Because of the rocky financial climate, more and more of our lawyers are being consulted on bankruptcy claims and eligibility in the state of Colorado.
Denver, CO – Over the past year, numerous Colorado-based companies and businesses have filed for bankruptcy. Most notably, the immigrant-friendly Colorado Mushroom Farm filed for bankruptcy, while the local franchises of Bed, Bath & Beyond threatened to follow suit soon.
Because of the rocky financial climate, more and more of our lawyers are being consulted on bankruptcy claims and eligibility in the state of Colorado. So we thought we’d take this opportunity to answer some general questions.
Now, the first thing to understand about corporate bankruptcy is that it’s much more difficult than personal bankruptcy. While an individual filing for bankruptcy has an array of options and can typically get out of a lot of debt by filing, a corporation does not have the same liberties.
Because of that, you need to first consult with skilled and experienced Denver bankruptcy lawyers, if you’re considering filing for bankruptcy. You need to hire someone who understands the system, is knowledgeable about corporate law, in particular, and can help sort out the best outcome for your particular situation.
Also, since you’ll be dealing with lawyers and court clerks for the next few months, now would be a good time to educate yourself a bit on legal matters.
How does bankruptcy work?
Bankruptcy in Colorado, as in most other states, needs to be filed in bankruptcy court, which is ruled by federal law, as opposed to state law. As a business entity in Colorado, you’ve only got two options: filing for bankruptcy under Chapter 7 or Chapter 11 of the U.S. Bankruptcy Code.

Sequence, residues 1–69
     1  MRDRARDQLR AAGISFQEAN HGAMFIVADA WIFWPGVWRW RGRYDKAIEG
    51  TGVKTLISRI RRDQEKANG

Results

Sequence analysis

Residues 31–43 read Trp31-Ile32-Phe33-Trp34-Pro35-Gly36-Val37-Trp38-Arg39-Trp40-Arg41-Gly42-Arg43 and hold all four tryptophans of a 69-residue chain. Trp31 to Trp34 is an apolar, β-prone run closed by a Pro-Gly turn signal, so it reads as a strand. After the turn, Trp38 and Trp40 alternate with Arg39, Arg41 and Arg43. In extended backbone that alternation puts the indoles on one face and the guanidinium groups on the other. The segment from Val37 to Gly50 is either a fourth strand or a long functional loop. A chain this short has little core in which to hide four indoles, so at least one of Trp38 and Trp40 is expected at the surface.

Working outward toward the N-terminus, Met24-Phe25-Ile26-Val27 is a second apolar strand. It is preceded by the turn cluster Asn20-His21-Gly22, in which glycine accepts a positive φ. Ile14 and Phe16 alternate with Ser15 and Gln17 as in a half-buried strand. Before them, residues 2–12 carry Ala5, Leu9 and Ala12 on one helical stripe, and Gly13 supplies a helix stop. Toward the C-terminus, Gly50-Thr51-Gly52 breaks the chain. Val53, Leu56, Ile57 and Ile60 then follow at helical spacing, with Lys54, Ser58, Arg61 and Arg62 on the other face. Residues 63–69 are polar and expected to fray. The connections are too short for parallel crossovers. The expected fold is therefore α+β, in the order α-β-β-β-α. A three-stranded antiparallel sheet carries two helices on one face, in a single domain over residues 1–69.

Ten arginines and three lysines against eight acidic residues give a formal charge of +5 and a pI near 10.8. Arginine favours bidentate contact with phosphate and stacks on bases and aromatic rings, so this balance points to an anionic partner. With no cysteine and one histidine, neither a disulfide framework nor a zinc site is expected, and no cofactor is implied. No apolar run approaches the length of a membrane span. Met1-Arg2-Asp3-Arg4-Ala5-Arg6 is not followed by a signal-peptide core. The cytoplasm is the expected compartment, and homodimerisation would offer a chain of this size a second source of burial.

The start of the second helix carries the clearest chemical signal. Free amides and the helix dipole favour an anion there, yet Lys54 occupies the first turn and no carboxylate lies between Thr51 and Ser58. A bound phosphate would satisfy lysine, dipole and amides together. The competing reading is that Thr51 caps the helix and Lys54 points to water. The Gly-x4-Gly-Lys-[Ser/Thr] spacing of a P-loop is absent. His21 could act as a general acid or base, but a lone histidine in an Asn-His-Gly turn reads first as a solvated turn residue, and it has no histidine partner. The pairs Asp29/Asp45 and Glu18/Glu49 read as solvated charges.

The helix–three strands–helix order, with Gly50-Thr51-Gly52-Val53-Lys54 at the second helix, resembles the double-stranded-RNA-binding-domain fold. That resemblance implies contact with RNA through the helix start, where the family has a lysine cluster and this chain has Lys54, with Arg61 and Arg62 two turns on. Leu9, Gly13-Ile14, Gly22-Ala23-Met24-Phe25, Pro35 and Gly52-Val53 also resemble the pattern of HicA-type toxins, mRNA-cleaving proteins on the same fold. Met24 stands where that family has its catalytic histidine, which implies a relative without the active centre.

Chapter 7 bankruptcy relies on liquidating the business, and using profit to repay debt. However, it’s significantly more complex than selling off your TV to settle a debt and can create quite a chaos inside your small business. Still, Chapter 7 bankruptcy is considered preferable for smaller businesses, for whom the kind of reorganization implicit in Chapter 11 bankruptcy would not be useful.
As a small business or LLC, you already have the option to liquidate or dissolve your enterprise without filing for Chapter 7 bankruptcy, so that is also worth considering. Generally, Chapter 7 bankruptcy can help a small business or LLC when creditors are fighting over a corporation’s assets, as it creates a more orderly, lawful liquidation process.
Naturally, you should consult Colorado bankruptcy lawyers before taking any action, legal or otherwise, in this field. They’ll be able to assess the specifics of your situation and advise you on the best course of action.
Then, you have Chapter 11 bankruptcy. Under Chapter 11, businesses don’t have to liquidate their assets and can remain in business. The way Chapter 11 works is by restructuring a corporation’s debts, and creating a plan for a business entity to repay debt, without going out of business.
The drawback with Chapter 11 bankruptcy is that it is often tricky to maintain, over the longer period of time needed to repay severe debt. It’s also very costly in bankruptcy court, which is why Denver bankruptcy lawyers do not consider it a smart option for small businesses.
Thinking about filing for bankruptcy?
Before you do, consult with an experienced lawyer who’ll advise you whether or not bankruptcy is the best option for you. Also, make sure you exhaust other options of reducing costs, and repaying debts before you file for bankruptcy.